- November 18, 2016
- Posted by: emobile
- Category: Trending Topic
Emobileclinic Researchers Corner
The Journal of Nature Communication has published the findings of researchers from the Helmholtz Zentrum München, the Heidelberg University Hospital, Technische Universität München and the Medical Faculty of the University of Leipzig who found a new mechanism that is responsible for the control of glucose metabolism .
The prevalence of diabetes mellitus has been alarming; it is a chronic disease affecting more than six million people. It is associated with the disruption of the glucose metabolism and (apart from type 1 diabetes) an impaired response of the body to the hormone insulin. Several efforts had been made towards finding the cause and likely regulators of the disease with a view to managing it with therapy.
A team led by Professor Stephan Herzig found that the transforming growth factor beta 1-stimulated clone 22 D4, shorten as TSC22D4, serves as a molecular switch in the liver and from there controls genes that can influence the metabolism of the entire body system.
According to Dr Bilgen E. Üstünel, “the strong influence of TSC22D4 on the metabolism in tumor diseases suggested that it could also play a role in metabolic diseases”.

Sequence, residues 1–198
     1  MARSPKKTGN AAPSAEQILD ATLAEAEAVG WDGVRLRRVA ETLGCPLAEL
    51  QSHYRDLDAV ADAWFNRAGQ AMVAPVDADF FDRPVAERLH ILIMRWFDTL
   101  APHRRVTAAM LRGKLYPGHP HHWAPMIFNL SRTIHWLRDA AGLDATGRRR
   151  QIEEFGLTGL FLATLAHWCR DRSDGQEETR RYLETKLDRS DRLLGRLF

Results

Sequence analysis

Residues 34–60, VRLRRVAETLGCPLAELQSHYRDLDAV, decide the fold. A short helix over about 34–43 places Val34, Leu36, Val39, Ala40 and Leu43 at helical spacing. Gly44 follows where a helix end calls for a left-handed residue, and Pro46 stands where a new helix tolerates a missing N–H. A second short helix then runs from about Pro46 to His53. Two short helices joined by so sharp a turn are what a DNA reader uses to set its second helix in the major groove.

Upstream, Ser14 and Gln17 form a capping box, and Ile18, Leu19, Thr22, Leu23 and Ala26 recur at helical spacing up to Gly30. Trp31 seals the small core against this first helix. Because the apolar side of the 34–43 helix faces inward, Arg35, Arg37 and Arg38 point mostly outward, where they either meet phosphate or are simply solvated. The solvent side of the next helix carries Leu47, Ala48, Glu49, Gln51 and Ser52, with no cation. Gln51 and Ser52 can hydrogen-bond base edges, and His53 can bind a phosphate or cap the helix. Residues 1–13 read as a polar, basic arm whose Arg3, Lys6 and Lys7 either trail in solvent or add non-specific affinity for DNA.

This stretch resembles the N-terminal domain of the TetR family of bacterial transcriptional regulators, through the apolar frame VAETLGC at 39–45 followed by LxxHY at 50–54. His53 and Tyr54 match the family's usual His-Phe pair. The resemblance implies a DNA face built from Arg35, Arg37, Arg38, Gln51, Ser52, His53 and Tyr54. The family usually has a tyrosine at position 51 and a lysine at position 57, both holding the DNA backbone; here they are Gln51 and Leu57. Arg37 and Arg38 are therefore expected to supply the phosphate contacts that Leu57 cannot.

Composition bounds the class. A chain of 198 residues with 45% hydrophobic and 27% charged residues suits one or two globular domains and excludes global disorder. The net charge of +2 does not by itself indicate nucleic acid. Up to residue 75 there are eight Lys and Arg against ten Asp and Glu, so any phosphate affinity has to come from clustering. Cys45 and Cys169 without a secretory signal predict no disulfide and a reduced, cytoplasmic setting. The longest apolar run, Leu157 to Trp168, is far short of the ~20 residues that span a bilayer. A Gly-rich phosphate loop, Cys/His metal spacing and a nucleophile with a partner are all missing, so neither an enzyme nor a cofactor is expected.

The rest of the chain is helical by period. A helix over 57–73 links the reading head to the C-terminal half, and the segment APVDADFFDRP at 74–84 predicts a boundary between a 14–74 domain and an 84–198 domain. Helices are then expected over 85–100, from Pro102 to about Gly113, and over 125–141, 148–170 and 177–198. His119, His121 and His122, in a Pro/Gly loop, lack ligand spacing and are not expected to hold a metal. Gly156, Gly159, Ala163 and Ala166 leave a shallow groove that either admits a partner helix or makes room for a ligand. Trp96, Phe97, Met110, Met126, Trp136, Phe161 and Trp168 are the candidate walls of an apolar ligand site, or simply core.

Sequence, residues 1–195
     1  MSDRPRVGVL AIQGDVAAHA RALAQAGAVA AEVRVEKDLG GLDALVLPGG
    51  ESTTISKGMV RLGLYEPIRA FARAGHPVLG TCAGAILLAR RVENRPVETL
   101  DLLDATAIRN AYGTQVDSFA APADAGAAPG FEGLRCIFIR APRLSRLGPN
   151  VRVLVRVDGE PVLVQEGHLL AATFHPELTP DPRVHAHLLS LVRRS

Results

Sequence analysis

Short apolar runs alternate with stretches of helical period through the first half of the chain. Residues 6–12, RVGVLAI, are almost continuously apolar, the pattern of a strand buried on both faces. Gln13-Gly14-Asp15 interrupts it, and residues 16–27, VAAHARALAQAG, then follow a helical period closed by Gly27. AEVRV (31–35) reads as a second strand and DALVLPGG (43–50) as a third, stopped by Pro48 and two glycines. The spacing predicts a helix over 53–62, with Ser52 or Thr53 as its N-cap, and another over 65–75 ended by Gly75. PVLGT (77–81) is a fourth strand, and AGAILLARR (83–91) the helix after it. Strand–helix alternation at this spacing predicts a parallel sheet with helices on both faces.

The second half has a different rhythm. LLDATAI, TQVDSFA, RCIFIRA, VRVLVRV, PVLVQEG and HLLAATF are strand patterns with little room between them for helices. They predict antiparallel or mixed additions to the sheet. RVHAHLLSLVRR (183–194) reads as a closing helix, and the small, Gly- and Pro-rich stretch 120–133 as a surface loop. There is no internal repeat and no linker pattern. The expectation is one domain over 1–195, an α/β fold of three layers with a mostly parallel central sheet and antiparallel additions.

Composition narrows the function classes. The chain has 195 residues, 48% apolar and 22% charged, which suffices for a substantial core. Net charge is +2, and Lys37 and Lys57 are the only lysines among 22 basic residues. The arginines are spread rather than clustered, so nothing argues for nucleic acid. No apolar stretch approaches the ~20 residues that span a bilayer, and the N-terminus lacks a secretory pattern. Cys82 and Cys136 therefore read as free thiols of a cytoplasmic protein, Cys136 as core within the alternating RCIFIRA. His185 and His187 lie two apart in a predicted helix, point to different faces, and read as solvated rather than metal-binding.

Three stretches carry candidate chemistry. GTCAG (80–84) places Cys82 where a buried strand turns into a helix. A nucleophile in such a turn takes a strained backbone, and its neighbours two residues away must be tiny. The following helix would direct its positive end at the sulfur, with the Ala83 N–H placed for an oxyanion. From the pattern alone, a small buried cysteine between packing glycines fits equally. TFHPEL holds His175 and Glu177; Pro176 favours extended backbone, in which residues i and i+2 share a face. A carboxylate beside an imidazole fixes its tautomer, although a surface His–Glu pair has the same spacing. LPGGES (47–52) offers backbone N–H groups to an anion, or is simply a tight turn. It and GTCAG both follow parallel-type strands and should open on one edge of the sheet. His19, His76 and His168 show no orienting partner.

In the present study, the team revealed in diabetic mice that inactivation of TSC22D4 result in the improvement of the insulin action and glucose metabolism. Additional analyses showed that TSC22D4 in particular hinders the production of the lipocalin13 protein, which is secreted in the liver as a substance messenger and can control the glucose metabolism in other organs.
The researchers evaluated liver tissue specimens of 66 patients with and without type 2 diabetes. It was discovered that in the liver of the diabetes patients compared to people with normal glucose metabolism, the TSC22D4 gene was increasing produced more often and there a lower production of lipocalin13.
Herzig further noted that “for the treatment of diabetes there is only a very limited number of therapeutic targets”.
He said the team “wants to investigate whether our findings can lead to the development of a new therapeutic approach to treat diabetes and insulin resistance.”
Stephan Herzig et.al (2016): Control of diabetic hyperglycaemia and insulin resistance through TSC22D4. Journal of Nature Communications, doi:10.1038/ncomms13267